Hay Street Architecture
Hay Street architecture in Perth, Western Australia, is a blend of old and new. Hay Street is the main shopping street in the city . Hay Street was originally named Howick Street but was renamed in honour of Robert William Hay, who was the Under Secretary for the Colonies in the 1830’s. The street was established, along with St George’s Terrace and Murray Street, as one of the main streets of Perth, from the time of settlement in 1829. During the 1970’s, a section of Hay Street was closed and that section became known as the Hay Street Mall.
942 Melbourne Hotel
The Melbourne Hotel is located on the corner of Hay and Milligan Streets. Built in 1896, in Federation Filigree style, the three storey hotel features a mixture of timber and iron decoration parapet with classical motifs.
The Melbourne Hotel is currently under redevelopment and will reopen as a seven storey, 73 room, 4.5 star hotel. While the facade and most of the original features will remain , some recent additions will be demolished to make way for a glass roofed conservatory.
929 The Read Buildings
The Read Buildings are located between 929- 941 Hay Street. The most interesting of these is the stunning two storey, Federation Free Classical style building. This heritage listed building was built in 1895 and features a brick facade, unpainted stucco decoration, arched windows, decorative pediment and colonnaded parapet.
Over the years the building has been home to a tailor (1908-1919), a wine saloon, a Tobacconist (Thomas Blakeley) , hairdressers, Prestcold refrigerators (1936-55).
915 The Dynon’s China Hall Building
The Dynon’s China Hall Building is located on 915 Hay Street. It was built in 1920 for John Dynon, an importer of China, glass and earthenware.
The facade is all that remains of the Dynon’s China Hall Building which was built in Inter- War Free Classical style. The two storey commercial building features battlement parapet and decorative pediments with the facade adorned with ‘Greek Style’ pilasters, rustication and prominent classical cornice.
The facade was refurbished in 2006 and is now part of the Stamford Hotel Development project.
914 The Mortlock Brothers Building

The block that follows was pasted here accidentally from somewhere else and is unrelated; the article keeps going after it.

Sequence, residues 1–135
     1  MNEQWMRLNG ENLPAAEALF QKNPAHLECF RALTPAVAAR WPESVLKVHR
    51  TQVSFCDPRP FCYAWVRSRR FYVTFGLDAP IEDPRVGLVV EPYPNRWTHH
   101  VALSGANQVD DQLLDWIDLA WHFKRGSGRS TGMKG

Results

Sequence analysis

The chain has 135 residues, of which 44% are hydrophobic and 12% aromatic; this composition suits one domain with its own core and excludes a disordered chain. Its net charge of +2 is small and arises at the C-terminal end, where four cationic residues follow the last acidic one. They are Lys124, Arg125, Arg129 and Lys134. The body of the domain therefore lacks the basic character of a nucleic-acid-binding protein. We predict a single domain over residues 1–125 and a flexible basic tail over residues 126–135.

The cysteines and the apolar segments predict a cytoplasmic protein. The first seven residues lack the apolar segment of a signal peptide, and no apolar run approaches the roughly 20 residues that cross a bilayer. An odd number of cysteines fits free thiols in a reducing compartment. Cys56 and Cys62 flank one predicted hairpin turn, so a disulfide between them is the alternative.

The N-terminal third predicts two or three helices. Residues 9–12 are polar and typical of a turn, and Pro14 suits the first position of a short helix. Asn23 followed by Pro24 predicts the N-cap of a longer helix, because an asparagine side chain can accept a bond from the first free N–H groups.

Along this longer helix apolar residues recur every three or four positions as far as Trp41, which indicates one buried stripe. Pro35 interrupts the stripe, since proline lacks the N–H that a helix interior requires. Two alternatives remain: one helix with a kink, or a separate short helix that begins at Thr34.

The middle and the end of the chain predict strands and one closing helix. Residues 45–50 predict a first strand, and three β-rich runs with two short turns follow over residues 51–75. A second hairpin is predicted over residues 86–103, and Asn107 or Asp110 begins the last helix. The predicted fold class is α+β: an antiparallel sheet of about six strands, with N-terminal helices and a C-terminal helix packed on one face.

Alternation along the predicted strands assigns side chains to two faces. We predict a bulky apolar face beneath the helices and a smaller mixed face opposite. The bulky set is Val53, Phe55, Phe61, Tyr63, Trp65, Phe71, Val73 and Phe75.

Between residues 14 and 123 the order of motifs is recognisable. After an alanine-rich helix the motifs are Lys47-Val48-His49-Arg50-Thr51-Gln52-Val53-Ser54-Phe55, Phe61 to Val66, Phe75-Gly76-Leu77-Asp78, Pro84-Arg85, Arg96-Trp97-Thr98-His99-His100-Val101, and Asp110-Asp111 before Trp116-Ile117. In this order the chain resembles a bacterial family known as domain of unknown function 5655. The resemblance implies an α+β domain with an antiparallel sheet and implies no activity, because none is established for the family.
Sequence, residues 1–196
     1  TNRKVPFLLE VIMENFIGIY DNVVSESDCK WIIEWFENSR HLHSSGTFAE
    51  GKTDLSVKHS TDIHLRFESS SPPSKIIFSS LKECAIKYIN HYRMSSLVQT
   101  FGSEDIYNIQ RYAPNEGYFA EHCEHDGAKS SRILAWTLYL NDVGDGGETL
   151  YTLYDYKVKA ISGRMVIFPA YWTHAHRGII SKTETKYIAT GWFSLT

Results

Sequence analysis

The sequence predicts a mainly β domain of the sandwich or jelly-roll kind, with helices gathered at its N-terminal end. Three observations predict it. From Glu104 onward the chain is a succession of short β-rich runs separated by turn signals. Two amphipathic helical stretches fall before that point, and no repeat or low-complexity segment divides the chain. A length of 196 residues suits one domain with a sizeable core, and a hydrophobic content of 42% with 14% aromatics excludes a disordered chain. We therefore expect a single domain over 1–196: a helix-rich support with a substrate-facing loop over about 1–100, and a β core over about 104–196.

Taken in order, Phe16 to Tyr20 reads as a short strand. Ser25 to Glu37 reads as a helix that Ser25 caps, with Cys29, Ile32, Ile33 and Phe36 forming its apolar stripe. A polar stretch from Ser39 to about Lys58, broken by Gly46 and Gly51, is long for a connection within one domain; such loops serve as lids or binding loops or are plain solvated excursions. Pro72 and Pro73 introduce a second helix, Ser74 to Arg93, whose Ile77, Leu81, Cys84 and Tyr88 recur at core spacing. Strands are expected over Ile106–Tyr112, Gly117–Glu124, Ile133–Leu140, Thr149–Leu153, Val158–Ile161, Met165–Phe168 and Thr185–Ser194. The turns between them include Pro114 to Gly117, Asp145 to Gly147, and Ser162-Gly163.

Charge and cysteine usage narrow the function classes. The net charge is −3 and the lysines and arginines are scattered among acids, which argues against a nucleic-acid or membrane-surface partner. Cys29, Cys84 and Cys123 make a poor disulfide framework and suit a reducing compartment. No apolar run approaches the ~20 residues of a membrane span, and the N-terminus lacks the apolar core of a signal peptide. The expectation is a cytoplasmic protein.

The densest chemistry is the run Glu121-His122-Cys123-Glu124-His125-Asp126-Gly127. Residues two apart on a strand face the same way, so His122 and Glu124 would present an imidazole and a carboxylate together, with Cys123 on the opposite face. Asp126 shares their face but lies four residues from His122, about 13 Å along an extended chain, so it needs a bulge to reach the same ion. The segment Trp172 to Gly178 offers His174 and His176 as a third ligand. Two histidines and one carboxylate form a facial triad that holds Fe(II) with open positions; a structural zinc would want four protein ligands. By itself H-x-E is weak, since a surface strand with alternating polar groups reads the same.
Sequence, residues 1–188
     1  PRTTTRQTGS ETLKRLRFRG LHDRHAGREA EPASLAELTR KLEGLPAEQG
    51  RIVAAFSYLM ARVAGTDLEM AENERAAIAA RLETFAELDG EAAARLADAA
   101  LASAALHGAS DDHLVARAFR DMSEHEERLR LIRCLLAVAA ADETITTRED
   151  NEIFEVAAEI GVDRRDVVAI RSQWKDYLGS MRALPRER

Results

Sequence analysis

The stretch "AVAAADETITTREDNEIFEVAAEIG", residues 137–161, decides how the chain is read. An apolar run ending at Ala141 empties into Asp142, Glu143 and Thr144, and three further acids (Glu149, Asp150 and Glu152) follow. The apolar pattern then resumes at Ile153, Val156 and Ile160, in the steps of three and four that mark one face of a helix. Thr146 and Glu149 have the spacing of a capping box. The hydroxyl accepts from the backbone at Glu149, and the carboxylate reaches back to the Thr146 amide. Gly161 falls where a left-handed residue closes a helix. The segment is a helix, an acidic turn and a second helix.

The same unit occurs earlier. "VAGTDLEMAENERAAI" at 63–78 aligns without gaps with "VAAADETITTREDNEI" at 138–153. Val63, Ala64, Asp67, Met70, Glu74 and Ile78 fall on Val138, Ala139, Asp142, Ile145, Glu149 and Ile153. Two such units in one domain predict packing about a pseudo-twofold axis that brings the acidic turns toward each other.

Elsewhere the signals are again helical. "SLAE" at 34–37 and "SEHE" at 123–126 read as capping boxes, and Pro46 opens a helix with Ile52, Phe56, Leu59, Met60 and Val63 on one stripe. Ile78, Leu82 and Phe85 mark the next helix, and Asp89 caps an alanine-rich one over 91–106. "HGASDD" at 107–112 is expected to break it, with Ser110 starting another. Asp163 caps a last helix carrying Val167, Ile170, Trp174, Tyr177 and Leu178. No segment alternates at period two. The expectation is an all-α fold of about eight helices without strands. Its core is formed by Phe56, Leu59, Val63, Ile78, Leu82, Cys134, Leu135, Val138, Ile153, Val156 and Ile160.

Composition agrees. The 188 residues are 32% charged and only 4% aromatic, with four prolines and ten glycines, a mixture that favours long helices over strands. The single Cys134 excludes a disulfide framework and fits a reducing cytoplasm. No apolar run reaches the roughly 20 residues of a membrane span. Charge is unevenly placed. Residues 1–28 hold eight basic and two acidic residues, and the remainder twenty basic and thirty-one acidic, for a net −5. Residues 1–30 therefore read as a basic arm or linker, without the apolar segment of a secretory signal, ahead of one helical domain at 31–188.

The Mortlock Brothers Building is located at 914 Hay Street. Established in 1896, the three storey commercial premises was built in Federation Free Classical style. It features rendered spandrell which emphasises the wall plane between storeys. The roof is concealed by a parapet and pediment.
The Mortlock’s were involved in setting up the annual Harley Scramble, an event that saw motorcyclists race up Buckland Hill at Mosman Park. A somewhat eccentric motorcycle clown was the Mortlock brother’s mild mannered salesman.
The building has had numerous tenants including , Grave and Dwyer Bulk Store (1919) , The Mortlock Brothers motor and cycle showroom (1925-49) and of course the well known 78 Records (now moved).
899-901 Bank of New South Wales
The former Bank of New South Wales is located at 899-901 in Hay Street. Built in 1935, this commercial building was designed by Architect William Arthur Nelson in the Inter-war Free Classical style.
If you look closely on the facade , you will see the year 1817, this was the the date the Bank of New South Wales was first established in Australia.
The bank branch has long gone but Canali, an Italian clothing company, now resides there.
886 Butterworth Buildings
The Butterworth Buildings are located at 886 Hay Street . The two storey symmetrical building was built in Inter-War Free Classical style. The building features a battlement parapet and decorative pediment. The facade features strongly modelled arched windows with fanlights and pilasters.
From what little information is around, the building was once the Baker & Carrick’s Motor Garage around 1912. Following was Llyod’s Ltd Oils and then in the 1930’s it was home to A.E.Craig Motor & Cycle repairs and Mortlock Brothers warehouse. In 1949 it was a radio manufacturing business.
838-842 Durham House
Durham House is located at 838-842 Hay Street . Durham House was built in 1916 by owner builder W. Leaster and design by architect W.A. Nelson. The building was extended in 1924. Federation Free Classical architectural style.
His Majesty’s Theatre
His Majesty’s Theatre is located on the corner of King and Hay Street in Perth and was built for Thomas G Molloy in 1902. Molloy was a Perth businessman (real estate) and one-time Lord Mayor of Perth.
The theatre was named after the reigning British monarch of the time, King Edward VII. Click for more information about His Majesty’s Theatre.
810-824 Harper ‘s Buildings
The Harper’s Buildings are located at 810-824 Hay Street. The Harper’s Buildings were constructed in 1937 and remain a fine example of Inter-war Functionalist & Art Deco architecture. The buildings were constructed by Nathaniel Harper who was a prominent mining entrepreneur in Western Australia. The building was designed by architect Edwin Summerhayes. The two storey buildings which included a warehouse were built from brick, concrete and iron.
The building housed the first branch of Yalumba Wines and had a tasting room in the basement. In 1977 a section of the warehouse was damaged by fire .
804-808 A.W.Dobbie & Co Building
The A.W.Dobbie & Co building is located at 804-808 Hay Street. The building was constructed in 1904 and was designed by architects Oldham & Fox.
The symmetrical building features a Venetian Gothic stucco facade adorned with pilasters (having decorative details), prominent pediment, battlement parapet and pointed arched windows with fanlights.